Originally Posted by BandJCarm
deartruc, that's just cool..........wish I knew what the heck it is!!!
Oh, I right clicked and realize it's a coffee machine. IF I listen to Humteddy, I'll need that! But I like my 'yuppie coffee' via the Keurig. I like all them foo foo flavored coffees!
Read some info on the Goshen Rally about unlevel pad areas and how folks wished they'd hade more chocks or stuff........and the X chocks has been on my list because of a thread a few months ago, and I thought they looked useful. I probably would not get them right off, just something on my possibles list, if needed.
I'm sorta tickled with myself! ha. There isn't a long list of "Hey, dufus, you forgot X and Y and Z".......like there was when we got the first trailer!
Maybe I'm actually learning a little bit.
OK; I am on my third 5er and the first one with the LCI 6-point auto leveling system.
With my other two 5er's I did need the X-chocks to eliminate rocking of the 5er when parked. The front two power stabilizers and the two manual stabilizers were not enough to prevent motion when walking. Now with the 6-point LCI auto system the x-chocks they redundant.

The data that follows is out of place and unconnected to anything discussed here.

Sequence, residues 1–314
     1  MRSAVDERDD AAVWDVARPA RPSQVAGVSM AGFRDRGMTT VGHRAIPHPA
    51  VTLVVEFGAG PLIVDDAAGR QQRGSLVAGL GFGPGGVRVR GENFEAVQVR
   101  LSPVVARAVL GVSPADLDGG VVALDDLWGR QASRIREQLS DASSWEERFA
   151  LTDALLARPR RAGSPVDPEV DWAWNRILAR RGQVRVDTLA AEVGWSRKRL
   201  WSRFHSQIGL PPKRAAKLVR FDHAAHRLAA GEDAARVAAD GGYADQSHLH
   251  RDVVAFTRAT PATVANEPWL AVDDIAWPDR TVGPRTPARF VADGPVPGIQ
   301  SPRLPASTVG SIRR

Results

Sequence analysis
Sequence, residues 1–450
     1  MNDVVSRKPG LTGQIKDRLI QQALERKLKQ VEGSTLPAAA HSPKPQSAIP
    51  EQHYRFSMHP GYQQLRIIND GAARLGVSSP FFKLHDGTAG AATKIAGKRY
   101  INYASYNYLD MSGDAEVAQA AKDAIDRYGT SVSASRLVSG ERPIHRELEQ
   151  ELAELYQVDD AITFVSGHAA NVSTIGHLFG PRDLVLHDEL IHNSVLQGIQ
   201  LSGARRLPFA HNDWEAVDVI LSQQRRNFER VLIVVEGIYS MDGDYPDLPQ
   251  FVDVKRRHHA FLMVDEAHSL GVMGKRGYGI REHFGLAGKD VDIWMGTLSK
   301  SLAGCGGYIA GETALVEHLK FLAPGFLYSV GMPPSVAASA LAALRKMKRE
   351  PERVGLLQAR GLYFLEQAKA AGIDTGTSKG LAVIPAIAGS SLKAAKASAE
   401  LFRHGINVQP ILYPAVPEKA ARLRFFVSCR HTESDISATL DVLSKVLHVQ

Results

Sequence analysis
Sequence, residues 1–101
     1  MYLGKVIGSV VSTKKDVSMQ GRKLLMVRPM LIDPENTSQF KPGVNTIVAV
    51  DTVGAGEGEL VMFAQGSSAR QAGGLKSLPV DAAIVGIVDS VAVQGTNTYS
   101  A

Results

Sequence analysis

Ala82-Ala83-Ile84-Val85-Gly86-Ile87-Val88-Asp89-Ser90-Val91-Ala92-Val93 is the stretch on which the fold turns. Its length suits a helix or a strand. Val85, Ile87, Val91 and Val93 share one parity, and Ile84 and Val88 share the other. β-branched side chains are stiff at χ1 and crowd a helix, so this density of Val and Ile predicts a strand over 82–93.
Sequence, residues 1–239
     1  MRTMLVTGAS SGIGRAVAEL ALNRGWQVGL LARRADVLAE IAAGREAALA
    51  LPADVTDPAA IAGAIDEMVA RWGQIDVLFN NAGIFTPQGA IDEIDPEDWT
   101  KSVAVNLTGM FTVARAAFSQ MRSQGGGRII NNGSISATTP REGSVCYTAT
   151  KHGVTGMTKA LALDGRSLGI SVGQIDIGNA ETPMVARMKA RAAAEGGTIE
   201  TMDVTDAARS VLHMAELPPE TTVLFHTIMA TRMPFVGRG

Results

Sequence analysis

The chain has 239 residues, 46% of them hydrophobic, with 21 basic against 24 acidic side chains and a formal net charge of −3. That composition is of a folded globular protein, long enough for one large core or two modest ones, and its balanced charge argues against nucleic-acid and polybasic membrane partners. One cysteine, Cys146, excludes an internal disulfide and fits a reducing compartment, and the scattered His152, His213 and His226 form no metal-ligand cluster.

First you need to lower the front legs and support them with some type of blocking depending on ground type; IE dirt/gravel or concrete. Next step is to place some type of wheel chocks to prevent roll back when you un-hitch. You than un-hitch and drive away the next step is to hit the auto level and let the trailer level itself placing support pads under all legs. When the trailer is auto leveling the wheels on the trailer will move a little, this is natural thing that happens. Now when the trailer is level on dirt/gravel one set of tires could be off the ground when you are on dirt/gravel. The X-chocks will not help. I have a set in my basement at my stick house collecting dust know.
As far as the extension cord for a 50 AMP system it is a waste of money. Why my DW checks to see that the trailer power cord will reach the pedestal before we un-hitch. The trailer can be reposition to make sure the standard power cord will reach.
What you also need is a multimeter and know how to use this before connecting to the power pedestal. With a cheap circuit tester included in your tool kit. I also carry a box of vinyl disposable gloves when working around the waste system.